The Abbey Newsletter

Volume 21, Number 8
1997


Digital Projects at the University of Michigan

by Carla J. Montori

The University of Michigan Library is involved in a number of digital projects. Among these projects, those that focus on the conservation of brittle originals for the purpose of mounting the resultant electronic version on a Library website are managed in the Reformatting and Replacement Services (RRS) of the Preservation Division. The Division has the resources in place to offer conversion to digital format as one of the suite of options in its use-driven brittle books reformatting/replacement program.

We consider all digital images captured, processed and stored in our specifications--done either in-house or outsourced to a vendor--to be archival. All scanning is done at 600 dpi; images are stored as ITU Group 4 TIFF images (the ISO standard formerly known as CCITT Group 4 TIFF). Once quality control is completed, no post-capture manipulation is done on the images, making the online TIFFs a faithful representation of the printed original. The quality of the image seen by the user using current web browsers is an artifact of our web implementation, where our software does an on-the-fly TIFF to GIF conversion to enable the broadest possible viewing audience. The TIFF image stored by this Library is not altered. As the technology matures, it will be possible to deliver higher quality derivatives that more closely mirror the TIFF archival images resident on this Library's server. The platform-independent online images are stored on a RAID system which has a high degree of reliability; our backup images are on digital linear tape (DLT), which would be used to restore the files on RAID if necessary. The Library and the University are committed to providing enduring access to these images, with funding to support system maintenance and staff. The TIFF images will be migrated forward to new storage and access systems as necessary.

Intellectual access is further enhanced by OCR, resulting in a searchable text. While the electronic text derived from OCR is subject to error, that error rate is low enough to permit a detailed level of intellectual access. Further, as resources permit, we plan to edit the OCR'd text to more faithful conformance to the original. The Library's confidence in the archival quality of the digital images it creates, together with its--and the University's--commitment to enduring access, make withdrawing the original an acceptable alternative.

The decision to withdraw an original rests with the individual selector. The level of comfort with making withdrawal decisions--no matter what the format of the replacement--varies significantly. Analysis of 15 years of disposition decisions indicates that something less than 40% of brittle originals are withdrawn after reformatting into or replacement by a stable format copy. I do not for a moment believe that there will be a sudden rash of withdrawals of originals after conversion to digital format. However, I do believe that selectors will make the decision to withdraw the original that has been digitized at least at the same rate at which they currently withdraw the original that has been filmed. That rate may actually be higher, as the selectors will choose digital conversion knowing that the original will be disbound, and that there will be little chance it can be rebound.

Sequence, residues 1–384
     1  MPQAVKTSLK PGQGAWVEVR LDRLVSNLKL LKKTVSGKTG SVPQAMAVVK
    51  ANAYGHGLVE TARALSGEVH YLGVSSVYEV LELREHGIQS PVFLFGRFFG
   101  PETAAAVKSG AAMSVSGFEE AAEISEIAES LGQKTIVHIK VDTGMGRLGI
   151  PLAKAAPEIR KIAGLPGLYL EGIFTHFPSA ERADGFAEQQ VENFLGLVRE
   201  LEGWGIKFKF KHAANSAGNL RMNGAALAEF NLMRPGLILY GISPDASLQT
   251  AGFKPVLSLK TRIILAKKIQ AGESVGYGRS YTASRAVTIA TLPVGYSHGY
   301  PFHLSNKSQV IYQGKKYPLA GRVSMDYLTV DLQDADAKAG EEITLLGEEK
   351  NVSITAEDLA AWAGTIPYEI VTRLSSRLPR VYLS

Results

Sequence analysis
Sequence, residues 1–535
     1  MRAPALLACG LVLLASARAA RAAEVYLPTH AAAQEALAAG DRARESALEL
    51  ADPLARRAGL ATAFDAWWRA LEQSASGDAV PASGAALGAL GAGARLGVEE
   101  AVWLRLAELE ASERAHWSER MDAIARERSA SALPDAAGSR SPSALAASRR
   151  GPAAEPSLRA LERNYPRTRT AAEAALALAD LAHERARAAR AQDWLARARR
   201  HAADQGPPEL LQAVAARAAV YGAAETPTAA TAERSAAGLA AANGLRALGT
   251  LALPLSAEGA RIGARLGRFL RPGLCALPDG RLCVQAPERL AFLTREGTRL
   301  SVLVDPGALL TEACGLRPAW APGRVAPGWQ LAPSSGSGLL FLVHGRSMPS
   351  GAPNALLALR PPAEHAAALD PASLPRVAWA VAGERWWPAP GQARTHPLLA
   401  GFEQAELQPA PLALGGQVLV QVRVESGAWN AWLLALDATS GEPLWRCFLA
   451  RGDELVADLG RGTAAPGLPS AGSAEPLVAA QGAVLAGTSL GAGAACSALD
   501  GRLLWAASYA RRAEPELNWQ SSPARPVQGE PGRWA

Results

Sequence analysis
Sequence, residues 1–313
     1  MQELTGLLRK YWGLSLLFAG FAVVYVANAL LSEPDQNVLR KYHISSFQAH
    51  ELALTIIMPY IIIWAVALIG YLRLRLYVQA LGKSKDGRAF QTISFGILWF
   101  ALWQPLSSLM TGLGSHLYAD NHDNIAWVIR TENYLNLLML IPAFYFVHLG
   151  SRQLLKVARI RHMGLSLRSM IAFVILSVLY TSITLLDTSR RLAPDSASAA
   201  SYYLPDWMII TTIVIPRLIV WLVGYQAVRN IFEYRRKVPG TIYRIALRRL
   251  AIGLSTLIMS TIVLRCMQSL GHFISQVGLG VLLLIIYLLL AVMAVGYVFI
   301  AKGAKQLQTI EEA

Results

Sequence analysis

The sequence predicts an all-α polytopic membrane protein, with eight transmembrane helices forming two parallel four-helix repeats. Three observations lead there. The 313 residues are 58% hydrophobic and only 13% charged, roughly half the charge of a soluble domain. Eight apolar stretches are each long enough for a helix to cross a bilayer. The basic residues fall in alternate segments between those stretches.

This Library's participation in Making of America, Phase I, was designed from the start to retain the digital file and withdraw the original. A paper facsimile from the digital file will be printed only when a user requests that service. Staff directly involved with the project have had the time and opportunity to achieve a level of comfort with that project design. It will certainly be necessary to give to staff at all levels, in all units of the Library, the time and opportunity to find their own comfort levels.

To assist in the process, a working group has been pulled together from staff in the Preservation Division, Digital Library Programs, Systems Office, and selection staff to identify and analyze issues surrounding the use of digital files as a preservation medium and to recommend guidelines for the selectors. The guidelines will cover the decision to convert to digital format, and include the final disposition decision for the original. This group, the Digital Brittle Books Task Group (a.k.a. Brigital Books), will hold open discussions with, and conduct training sessions for, all selectors.

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